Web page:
VMs need to scale independently
Scalability is something NFV vendors need to be thinking about before they build their solutions, not after. Specifically, vendors need to ensure that their VNFs can scale independently across different dimensions. In a telecom application, the data plane, management plane and control (i.e., signaling) plane each need to be scaled independently to avoid paying for stranded capacity. In a blade-based architecture, the signaling, data, and management capacity are added in fixed ratios; as more signaling capacity is needed, more blades are added. The result is that service providers end up with more data capacity as well, whether they need it or not. In a virtualized architecture, where independent scaling is supported, providers can scale up signaling capacity without affecting the data or management dimensions. This is why we chose to decompose each plane when we built our vEPC.
Applications need to be designed in a flexible way, allowing the scaling of VMs based on the specific call model or application (e.g., IoT, enterprise, consumer) and the availability of resources. By doing this, service providers can right-size the capacity for the specific call model.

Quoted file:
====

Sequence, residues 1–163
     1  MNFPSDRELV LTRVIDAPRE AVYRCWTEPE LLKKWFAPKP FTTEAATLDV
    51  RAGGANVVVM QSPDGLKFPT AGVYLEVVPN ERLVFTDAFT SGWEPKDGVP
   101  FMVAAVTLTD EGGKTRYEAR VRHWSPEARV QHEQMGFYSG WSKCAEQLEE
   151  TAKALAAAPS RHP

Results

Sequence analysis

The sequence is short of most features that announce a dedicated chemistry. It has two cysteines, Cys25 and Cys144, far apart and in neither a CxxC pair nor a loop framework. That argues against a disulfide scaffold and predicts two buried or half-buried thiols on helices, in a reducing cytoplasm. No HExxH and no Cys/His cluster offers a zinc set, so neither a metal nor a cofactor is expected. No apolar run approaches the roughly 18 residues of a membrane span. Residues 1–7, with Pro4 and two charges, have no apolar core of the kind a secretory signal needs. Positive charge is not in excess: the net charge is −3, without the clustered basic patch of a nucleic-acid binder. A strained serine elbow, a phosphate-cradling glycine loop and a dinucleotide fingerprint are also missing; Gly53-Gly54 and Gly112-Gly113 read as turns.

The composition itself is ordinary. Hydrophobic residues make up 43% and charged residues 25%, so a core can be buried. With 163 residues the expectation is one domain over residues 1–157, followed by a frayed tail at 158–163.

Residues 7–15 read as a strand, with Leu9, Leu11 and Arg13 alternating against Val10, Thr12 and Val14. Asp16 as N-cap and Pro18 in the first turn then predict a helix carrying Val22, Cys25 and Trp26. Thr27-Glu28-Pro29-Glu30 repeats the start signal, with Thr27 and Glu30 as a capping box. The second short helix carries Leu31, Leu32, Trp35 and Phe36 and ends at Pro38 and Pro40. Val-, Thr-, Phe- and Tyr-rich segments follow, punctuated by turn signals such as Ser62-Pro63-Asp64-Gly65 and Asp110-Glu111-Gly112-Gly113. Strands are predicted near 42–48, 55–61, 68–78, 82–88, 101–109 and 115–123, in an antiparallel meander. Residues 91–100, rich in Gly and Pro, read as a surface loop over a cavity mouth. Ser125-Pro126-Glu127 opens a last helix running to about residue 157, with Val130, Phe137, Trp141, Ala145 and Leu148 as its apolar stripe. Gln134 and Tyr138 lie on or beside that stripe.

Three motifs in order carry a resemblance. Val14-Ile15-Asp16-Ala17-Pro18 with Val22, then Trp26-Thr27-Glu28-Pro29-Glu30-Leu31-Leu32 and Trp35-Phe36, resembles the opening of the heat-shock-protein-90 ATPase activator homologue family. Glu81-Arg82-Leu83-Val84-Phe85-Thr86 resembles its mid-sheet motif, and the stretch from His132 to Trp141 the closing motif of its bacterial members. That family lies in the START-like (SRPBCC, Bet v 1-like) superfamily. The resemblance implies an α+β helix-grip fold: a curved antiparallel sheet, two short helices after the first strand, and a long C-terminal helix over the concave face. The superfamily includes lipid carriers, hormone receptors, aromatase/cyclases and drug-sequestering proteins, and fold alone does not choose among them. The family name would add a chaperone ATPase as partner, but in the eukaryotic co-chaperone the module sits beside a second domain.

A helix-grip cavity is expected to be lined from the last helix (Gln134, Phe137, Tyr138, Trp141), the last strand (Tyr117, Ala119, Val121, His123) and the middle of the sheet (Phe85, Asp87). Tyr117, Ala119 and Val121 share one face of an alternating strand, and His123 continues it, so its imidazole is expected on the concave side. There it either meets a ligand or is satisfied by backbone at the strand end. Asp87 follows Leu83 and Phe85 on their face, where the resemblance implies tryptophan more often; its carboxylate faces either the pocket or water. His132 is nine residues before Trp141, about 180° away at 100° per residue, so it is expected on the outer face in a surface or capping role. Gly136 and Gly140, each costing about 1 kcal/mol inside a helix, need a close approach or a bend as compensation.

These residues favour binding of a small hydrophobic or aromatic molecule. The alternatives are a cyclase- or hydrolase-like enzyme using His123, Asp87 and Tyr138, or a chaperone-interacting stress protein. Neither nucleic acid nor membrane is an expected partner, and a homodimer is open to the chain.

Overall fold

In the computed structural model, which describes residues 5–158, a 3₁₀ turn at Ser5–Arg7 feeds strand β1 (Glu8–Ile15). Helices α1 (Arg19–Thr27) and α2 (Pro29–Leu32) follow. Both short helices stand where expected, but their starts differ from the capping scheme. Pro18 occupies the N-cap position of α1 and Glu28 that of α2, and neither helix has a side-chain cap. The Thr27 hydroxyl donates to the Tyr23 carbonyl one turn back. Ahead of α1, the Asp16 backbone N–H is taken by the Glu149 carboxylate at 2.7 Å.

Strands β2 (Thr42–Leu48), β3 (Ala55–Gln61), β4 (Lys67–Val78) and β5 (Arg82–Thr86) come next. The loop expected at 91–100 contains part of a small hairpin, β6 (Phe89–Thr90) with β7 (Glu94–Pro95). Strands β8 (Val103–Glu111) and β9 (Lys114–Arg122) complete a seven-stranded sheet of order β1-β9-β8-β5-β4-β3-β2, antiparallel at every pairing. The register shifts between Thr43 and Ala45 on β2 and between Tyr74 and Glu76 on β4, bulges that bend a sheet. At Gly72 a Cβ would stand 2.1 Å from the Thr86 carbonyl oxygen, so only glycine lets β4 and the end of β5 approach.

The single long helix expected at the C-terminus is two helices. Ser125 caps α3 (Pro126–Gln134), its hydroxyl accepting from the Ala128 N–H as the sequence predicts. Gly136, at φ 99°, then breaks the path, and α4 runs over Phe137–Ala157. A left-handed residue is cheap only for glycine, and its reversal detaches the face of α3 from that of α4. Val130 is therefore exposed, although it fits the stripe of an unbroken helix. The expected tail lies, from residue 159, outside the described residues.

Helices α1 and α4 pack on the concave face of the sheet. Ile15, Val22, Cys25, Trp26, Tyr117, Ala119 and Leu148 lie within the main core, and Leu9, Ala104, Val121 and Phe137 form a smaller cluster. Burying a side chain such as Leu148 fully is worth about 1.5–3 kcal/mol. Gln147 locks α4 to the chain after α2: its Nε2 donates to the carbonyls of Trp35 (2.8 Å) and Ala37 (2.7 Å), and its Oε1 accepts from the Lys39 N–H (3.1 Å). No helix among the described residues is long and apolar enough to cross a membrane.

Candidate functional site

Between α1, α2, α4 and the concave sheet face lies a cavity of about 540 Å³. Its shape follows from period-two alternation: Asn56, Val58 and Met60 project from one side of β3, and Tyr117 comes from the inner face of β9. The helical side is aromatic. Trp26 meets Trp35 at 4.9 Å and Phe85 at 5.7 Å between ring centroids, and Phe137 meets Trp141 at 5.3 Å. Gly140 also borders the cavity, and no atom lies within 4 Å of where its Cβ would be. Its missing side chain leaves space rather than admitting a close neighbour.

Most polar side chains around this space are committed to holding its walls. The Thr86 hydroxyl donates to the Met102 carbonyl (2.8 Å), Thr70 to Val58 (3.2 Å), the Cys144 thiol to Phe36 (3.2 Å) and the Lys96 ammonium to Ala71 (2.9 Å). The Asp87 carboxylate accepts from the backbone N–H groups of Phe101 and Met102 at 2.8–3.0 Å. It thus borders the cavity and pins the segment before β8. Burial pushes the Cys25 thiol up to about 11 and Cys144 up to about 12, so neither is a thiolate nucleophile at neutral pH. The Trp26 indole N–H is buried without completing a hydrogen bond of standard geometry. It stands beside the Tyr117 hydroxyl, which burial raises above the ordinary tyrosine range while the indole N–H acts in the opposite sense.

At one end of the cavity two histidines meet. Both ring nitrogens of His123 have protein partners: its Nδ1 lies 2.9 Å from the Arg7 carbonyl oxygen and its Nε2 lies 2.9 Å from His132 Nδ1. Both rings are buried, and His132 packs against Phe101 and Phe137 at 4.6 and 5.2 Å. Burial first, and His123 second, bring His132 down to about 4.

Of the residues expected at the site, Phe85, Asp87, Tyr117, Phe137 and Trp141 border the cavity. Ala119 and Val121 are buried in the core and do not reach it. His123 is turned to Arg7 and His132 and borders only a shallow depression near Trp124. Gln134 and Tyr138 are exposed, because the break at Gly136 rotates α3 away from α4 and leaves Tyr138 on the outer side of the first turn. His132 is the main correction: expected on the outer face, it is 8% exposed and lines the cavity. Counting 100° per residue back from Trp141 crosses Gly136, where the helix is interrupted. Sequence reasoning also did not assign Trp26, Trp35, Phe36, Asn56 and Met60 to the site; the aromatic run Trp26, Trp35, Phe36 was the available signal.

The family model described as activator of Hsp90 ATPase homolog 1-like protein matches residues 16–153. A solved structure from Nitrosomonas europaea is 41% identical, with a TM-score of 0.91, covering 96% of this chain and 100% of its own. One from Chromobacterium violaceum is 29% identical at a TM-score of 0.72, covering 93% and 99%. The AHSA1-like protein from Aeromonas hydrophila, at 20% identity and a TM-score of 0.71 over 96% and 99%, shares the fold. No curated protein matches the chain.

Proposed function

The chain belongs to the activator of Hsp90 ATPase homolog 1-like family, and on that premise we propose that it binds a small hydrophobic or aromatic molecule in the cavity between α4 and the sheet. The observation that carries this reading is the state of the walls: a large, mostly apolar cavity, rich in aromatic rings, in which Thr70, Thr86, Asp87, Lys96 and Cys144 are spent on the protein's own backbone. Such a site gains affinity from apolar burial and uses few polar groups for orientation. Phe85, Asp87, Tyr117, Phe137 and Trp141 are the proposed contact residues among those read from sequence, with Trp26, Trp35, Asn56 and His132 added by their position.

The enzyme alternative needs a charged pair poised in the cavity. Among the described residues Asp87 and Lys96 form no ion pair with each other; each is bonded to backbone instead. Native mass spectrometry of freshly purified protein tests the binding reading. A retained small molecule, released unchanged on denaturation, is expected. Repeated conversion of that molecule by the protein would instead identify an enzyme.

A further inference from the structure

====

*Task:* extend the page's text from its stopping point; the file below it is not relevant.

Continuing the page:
Ownership is important
Traditionally, service providers have relied upon their vendors to provide all the layers of a solution. NFV architecture is different. There’s a hardware layer, a hypervisor layer and an application layer to consider, with each vendor bringing their own perspective to the solution. Instead of one finger to point when things go wrong, providers must now point several fingers. This creates a challenge for service providers in managing deployments, as there is no clear accountability. At Affirmed, we’ve countered this problem by taking “ownership” of the NFV experience and ultimate responsibility for the way our vEPC solution behaves in the NFV infrastructure (NFVI) environment. Our customers appreciate having an experienced vendor as a lead implementor who can work with ecosystem partners to resolve any issues.
One EMS is better than two (or three)
Service providers are accustomed to a single element management system (EMS) that displays the state of the system (e.g., alarms, traps, etc.) across all solution layers. In an NFV architecture, however, there are separate element managers for each layer. Having an overarching EMS that extends visibility into all layers and manages them as a single pane of glass” is an important capability for any NFV architecture.
Take the time to learn from the leaders
Perhaps the most important lesson there is to be learned from the leaders in the NFV journey is not to wait. There are those vendors who will tell you that NFV isn’t ready for prime time. What they’re really saying is that their solutions aren’t ready yet. At Affirmed, we’re building virtualized solutions that give the leading operators of today the competitive advantage they need to remain the leaders of tomorrow. Our cloud-native, 5G-webscale solution not only reduces CAPEX and OPEX but also provides the capabilities for new revenue-generating services including service automation and microservices creation.